In an effort to deflect criticism of its business model - which one paper has called 'Extortion 2.0' - Yelp has added a public forum to its new-age city guide where business owners can publicly respond to reviews from the site's hipper-than-thou users. As we reported in August, several San Francisco Bay Area business owners have …
Thanks for the heads-up
Yelpers - yet another band of web 2.0 user-generated crap I didn't know existed. And it looks like the crap starts at the head in this case. I will avoid them like the plague.
While I'm not usually a supporter of legal action against websites owners, I guess this is what libel law was actually intended for.
Were I owning a restaurant and they offered to remove reviews for money then I would be inclined to get the local solicitors firm to write them a letter stating that if they didn't remove the offending "review" then I would be taking them to court for libel AND attempted extortion.
I think i'd have a fairly good case on both counts.
Because, at the end of the day they don't know WHO is publishing these reviews. It could well be your competitors giving you a negative "review" under the shield of anonymity to further your business, and if the company publishing the "review" doesn't know who is doing it then they can't even prove that the person visited your business! They might even be writing negative reviews for your business to then sell you the chance to move it down the listings.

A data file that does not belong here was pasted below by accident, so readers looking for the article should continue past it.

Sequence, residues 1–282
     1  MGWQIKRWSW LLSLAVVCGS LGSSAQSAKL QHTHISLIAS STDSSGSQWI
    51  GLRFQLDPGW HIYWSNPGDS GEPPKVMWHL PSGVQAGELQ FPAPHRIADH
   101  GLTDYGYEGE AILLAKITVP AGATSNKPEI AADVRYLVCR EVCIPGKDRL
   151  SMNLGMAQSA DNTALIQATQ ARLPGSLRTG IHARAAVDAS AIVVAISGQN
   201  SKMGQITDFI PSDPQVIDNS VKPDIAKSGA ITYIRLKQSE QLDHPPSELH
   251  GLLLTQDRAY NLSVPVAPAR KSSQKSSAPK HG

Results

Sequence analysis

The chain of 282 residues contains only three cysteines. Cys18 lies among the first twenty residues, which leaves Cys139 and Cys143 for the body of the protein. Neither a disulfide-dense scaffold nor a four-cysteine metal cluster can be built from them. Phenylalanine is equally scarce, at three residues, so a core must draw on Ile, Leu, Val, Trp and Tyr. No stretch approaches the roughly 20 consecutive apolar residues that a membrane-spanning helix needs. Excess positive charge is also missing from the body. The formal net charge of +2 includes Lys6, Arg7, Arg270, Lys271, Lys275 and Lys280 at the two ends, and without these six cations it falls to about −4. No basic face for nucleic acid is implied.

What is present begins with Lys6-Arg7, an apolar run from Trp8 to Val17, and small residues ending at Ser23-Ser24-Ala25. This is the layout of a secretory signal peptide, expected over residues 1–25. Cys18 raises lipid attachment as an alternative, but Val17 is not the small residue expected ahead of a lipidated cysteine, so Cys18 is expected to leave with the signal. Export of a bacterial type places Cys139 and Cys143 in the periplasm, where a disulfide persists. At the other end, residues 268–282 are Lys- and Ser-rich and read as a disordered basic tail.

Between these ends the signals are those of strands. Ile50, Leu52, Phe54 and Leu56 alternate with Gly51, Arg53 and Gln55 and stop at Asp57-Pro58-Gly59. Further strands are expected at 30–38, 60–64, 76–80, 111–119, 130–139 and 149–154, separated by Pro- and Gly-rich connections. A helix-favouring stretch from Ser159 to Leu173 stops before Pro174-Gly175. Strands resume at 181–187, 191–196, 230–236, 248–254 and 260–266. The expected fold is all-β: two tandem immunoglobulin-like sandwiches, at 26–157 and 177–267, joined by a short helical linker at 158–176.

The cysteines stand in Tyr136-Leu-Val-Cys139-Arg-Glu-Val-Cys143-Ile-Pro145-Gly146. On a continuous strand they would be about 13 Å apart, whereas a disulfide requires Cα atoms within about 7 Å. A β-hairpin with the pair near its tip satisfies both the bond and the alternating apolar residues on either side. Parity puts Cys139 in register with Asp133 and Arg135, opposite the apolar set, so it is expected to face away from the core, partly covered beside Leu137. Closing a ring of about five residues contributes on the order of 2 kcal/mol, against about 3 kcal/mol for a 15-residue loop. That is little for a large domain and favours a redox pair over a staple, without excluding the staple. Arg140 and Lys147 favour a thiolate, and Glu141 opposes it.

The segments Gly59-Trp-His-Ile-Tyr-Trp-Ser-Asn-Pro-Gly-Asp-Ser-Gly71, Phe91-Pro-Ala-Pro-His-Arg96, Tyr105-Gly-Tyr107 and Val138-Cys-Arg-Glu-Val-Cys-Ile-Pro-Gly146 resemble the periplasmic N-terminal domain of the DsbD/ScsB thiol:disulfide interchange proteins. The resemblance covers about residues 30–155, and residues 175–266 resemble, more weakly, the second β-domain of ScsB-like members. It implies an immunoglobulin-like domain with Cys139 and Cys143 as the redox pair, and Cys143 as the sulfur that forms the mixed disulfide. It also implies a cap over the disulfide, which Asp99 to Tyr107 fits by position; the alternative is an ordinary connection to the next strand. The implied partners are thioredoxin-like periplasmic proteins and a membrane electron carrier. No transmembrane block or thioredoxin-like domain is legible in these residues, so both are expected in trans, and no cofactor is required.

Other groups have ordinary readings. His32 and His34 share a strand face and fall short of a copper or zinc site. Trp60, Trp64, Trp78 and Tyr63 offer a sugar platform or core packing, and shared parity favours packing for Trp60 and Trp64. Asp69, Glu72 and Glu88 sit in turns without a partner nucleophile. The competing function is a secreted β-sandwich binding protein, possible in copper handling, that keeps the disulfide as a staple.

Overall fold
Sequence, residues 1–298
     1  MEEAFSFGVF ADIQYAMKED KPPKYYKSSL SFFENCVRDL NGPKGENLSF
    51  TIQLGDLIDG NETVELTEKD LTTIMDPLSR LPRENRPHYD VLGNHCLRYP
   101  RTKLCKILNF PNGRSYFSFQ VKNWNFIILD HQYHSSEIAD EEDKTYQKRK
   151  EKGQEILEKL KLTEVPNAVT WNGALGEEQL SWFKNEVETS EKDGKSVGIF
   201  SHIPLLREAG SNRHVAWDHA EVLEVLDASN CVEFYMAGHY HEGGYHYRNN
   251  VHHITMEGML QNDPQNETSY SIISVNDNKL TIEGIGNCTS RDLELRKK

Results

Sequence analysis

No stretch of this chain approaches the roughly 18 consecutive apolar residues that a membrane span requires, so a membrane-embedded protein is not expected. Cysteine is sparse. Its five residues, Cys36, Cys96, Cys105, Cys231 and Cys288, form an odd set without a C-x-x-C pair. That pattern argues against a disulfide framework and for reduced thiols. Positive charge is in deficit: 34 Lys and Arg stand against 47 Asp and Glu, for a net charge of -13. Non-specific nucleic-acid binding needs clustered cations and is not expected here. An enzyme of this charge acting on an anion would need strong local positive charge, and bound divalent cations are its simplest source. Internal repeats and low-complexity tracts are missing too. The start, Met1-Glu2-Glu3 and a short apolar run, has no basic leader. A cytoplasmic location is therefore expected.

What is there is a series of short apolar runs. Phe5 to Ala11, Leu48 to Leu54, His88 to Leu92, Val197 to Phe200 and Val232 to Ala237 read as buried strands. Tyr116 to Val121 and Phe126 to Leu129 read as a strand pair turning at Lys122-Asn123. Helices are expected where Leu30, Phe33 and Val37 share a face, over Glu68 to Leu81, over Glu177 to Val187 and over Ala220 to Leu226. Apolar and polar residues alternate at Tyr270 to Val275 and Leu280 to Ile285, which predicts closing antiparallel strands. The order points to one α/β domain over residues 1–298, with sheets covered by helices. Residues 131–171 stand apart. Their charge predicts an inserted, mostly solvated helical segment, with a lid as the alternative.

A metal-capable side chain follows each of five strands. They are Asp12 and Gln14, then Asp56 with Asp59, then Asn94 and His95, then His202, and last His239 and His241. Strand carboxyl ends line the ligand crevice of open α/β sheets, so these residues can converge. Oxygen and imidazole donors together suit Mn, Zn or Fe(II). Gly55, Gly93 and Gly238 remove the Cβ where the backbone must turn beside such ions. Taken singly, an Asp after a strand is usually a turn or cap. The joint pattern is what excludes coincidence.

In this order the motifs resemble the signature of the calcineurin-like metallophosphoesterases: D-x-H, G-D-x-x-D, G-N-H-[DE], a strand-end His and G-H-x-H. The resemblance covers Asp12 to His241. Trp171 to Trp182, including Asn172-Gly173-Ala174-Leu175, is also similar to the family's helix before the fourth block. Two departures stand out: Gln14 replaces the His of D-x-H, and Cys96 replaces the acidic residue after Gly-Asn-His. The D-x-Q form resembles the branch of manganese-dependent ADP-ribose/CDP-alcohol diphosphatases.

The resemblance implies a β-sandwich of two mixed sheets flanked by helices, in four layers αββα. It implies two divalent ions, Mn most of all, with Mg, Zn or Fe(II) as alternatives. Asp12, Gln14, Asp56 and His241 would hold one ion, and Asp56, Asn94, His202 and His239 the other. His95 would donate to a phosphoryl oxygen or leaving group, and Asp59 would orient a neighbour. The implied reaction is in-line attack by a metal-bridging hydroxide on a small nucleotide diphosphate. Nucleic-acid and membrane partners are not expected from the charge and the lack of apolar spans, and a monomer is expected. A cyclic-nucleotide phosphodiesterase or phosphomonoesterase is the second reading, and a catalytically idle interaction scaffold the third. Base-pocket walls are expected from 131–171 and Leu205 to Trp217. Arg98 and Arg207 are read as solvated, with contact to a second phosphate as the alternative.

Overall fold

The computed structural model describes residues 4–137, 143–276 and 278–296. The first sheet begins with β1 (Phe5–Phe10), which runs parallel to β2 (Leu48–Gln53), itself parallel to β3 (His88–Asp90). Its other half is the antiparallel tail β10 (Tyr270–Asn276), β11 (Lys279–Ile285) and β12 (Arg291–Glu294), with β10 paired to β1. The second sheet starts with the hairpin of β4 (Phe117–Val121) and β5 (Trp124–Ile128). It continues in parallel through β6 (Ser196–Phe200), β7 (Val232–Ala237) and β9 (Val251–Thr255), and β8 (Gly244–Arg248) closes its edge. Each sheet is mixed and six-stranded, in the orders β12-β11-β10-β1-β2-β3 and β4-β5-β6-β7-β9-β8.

Bad reviews hidden
Yelp selectively hides bad reviews. They continue to be visible from the review author's perspective, but vanish from the public review pages. Nice to see Yelp's corruption begin to get exposed.
Is it possible to write a review of Yelp itself?
I am really surprised that everyone is so "sensitive" to "FALSE negative" reviews. I have been using Yelp for years and I can assure you that "FALSE positive" reviews dominate "FALSE negative" reviews by an order of at least 10 to 1. There is a genuine shortage of TRUE negatives which are invaluable to consumers. The fact remains that it is nearly impossible for a small business to maintain (and the fact they do not at least try to be consistent also hurts them) consistent service so "TRUE negatives" are inevitable. Its just some people cannot handle the truth.
For the record nearly all my reviews are "TRUE Positive" with only one "EXTREMELY TRUE Negative".
Have to agree about the false positives
Yelp has led me to some fairly mediocre restaurants due to reviews by users were "local" or were experts in cuisine "x". I think it's often a platform for people to satisfy their need to be some sort of restaurant cognoscenti.
However, it's good for anecdotal information, like whether a place is kid friendly, loud or quiet, etc. (though I think I've had more luck with chowhound in this regard)
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